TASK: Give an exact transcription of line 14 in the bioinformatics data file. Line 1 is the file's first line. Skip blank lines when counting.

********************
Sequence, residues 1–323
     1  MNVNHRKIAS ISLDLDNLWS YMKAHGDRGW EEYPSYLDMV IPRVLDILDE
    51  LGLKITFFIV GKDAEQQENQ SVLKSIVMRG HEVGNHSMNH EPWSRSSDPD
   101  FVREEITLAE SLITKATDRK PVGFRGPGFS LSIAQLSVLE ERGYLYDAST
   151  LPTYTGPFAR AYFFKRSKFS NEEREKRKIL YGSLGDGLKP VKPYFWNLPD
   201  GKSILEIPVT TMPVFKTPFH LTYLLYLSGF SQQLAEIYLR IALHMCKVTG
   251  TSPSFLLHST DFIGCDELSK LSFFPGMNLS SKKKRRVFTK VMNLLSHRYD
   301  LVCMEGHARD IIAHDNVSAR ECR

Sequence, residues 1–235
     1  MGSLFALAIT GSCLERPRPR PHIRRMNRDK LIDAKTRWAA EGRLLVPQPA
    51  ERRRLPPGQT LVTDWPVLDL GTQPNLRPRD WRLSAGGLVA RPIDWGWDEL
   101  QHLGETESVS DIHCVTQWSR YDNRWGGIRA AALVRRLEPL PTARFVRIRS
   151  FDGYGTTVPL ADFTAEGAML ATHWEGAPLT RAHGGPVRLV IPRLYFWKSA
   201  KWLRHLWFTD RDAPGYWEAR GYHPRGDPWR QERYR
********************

   201  KWLRHLWFTD RDAPGYWEAR GYHPRGDPWR QERYR